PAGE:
We're in Chester ....the other option is to airbnb it as that might be cheater , but didn't think of staying outside London (duh!) I think as long as a 'feel' for it then we could do another visit to pick up the bits we missed ..eldest hs been before but rest never ....which I quite bad really hmm

welliesandwine Sun 06-Sep-15 20:36:56

Sorry ...should check my autocorrect before pressing Post ...the other problem is as a family of six we usually end up in two rooms....any suggestions on where to stay outside London? (sorry completely clueless about down South ��)

Rivercam Sun 06-Sep-15 20:38:47

Have a look at the Youth hostels (yha). They are good value, and are really nice. I've stayed in a couple in London, one near St Paul's and one at Kings Cross. They are clean and modern now.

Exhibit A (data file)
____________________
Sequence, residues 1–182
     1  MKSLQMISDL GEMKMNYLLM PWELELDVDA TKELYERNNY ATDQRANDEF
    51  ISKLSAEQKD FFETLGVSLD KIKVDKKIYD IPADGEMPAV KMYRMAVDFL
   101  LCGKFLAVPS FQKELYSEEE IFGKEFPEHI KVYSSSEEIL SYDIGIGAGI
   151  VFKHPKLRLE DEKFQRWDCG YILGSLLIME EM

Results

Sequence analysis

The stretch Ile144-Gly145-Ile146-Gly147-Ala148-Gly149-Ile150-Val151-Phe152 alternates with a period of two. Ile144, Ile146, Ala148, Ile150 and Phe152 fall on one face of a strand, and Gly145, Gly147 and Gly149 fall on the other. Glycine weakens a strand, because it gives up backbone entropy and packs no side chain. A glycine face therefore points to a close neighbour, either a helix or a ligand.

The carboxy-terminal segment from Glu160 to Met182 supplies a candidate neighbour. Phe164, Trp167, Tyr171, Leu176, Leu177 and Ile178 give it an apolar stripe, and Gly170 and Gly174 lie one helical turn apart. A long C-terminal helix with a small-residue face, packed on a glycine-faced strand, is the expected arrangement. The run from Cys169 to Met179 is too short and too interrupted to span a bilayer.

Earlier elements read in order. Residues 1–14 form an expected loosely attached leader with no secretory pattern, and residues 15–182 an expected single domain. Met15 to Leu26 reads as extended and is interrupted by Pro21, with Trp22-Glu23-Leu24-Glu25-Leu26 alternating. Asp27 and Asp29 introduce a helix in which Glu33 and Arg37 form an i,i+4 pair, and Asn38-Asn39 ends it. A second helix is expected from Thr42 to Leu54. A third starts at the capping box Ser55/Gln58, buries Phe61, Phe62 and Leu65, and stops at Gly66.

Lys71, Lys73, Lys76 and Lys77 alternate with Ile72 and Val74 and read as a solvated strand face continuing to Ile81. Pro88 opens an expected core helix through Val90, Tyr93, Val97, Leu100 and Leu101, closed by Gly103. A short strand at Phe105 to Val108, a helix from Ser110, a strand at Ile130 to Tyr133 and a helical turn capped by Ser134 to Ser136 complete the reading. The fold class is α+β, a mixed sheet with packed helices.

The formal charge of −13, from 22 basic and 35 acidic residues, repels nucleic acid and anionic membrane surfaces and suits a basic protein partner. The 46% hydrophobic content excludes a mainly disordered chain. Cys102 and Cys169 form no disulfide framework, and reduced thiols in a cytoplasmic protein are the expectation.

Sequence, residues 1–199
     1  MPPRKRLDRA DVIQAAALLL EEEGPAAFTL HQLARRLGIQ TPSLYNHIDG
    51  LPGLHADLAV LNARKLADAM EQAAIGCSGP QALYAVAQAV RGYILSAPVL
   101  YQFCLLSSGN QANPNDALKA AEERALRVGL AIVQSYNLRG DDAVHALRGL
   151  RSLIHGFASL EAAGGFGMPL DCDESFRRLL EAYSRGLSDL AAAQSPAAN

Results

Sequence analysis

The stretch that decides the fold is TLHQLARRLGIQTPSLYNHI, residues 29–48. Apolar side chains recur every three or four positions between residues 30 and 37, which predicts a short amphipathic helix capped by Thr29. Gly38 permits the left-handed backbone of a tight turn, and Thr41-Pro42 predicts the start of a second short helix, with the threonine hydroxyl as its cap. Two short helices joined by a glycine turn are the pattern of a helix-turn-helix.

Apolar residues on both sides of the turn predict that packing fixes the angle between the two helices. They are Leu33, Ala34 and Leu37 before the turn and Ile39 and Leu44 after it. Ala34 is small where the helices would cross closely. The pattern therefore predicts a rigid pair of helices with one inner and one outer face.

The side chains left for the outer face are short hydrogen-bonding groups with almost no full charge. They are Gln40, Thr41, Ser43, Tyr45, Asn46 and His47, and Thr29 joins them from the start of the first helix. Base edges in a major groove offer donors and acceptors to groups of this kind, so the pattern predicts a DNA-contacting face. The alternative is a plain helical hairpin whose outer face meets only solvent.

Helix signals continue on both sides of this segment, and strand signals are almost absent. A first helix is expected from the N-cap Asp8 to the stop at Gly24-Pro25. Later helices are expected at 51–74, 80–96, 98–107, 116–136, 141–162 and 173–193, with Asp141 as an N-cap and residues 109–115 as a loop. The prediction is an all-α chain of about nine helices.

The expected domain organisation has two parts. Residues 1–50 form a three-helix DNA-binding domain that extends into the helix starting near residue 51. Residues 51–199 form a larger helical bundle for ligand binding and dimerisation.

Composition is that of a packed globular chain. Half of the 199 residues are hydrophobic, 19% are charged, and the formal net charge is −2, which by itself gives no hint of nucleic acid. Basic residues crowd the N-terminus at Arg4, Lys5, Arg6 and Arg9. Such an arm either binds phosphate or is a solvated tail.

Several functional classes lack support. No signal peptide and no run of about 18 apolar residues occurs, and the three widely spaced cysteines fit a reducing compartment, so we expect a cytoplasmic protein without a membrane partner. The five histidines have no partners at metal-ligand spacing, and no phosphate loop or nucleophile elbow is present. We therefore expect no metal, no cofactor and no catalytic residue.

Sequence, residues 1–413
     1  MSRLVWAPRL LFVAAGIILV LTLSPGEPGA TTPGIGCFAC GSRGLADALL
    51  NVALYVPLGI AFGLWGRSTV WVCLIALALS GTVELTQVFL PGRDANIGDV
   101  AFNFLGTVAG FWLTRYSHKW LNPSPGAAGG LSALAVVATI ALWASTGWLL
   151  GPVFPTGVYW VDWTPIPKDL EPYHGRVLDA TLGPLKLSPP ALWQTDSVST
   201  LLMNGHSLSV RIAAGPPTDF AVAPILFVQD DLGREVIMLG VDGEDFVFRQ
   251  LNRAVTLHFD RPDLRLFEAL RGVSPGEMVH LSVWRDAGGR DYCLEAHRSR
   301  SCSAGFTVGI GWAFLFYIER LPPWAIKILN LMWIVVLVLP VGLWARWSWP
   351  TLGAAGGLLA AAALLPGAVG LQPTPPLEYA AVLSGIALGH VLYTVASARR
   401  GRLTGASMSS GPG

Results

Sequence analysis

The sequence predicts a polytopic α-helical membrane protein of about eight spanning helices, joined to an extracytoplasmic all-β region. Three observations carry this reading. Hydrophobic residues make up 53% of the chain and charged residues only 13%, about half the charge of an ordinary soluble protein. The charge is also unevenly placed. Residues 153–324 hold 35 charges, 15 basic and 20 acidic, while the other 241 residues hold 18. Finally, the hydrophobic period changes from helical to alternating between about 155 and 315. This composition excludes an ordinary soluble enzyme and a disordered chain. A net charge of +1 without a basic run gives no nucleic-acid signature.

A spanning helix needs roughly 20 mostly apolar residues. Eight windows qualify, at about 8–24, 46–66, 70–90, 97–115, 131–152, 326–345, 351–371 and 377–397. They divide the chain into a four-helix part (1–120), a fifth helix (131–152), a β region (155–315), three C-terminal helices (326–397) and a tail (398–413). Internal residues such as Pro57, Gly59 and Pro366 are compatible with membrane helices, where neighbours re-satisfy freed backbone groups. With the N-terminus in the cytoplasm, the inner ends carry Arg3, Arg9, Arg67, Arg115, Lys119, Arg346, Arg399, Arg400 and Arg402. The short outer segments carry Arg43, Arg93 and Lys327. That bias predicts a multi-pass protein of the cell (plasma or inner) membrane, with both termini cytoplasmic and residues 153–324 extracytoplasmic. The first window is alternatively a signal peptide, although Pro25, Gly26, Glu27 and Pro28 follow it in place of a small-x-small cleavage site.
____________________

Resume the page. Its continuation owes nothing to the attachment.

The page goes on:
Isn't there a direct train from Chester now?

Also, look at Groupon, Wowcher, Budget.com, late rooms etc. you can often get good deals.

Toomanycats99 Sun 06-Sep-15 20:49:29

Ooh I'm south London do not sure on North London train lines. Think Luton airport is only about 30 minutes on a train and sure there must be loads of budget chain hotels there!

welliesandwine Sun 06-Sep-15 21:30:55

Brill ..thanks will look at Luton and YHA ....love MN ��

Rivercam Sun 06-Sep-15 21:39:50

Luton airport isn't near the train station. Luton is not really a tourist destination, so there's not many hotels near the station. St Albans may be better.

welliesandwine Sun 06-Sep-15 21:43:58

Great thanks will look there too.smile will be back in a few days asking more no doubt ....happy to help if anyone ever wants to visit Chester ..

tribpot Sun 06-Sep-15 21:53:49

On your train line, your stop outside London is Milton Keynes. It looks as if there's a Travelodge not far from the station, a Premier Inn a bit further away. Both do family rooms which 6 can share (as in, not 6 in one room but 6 in two).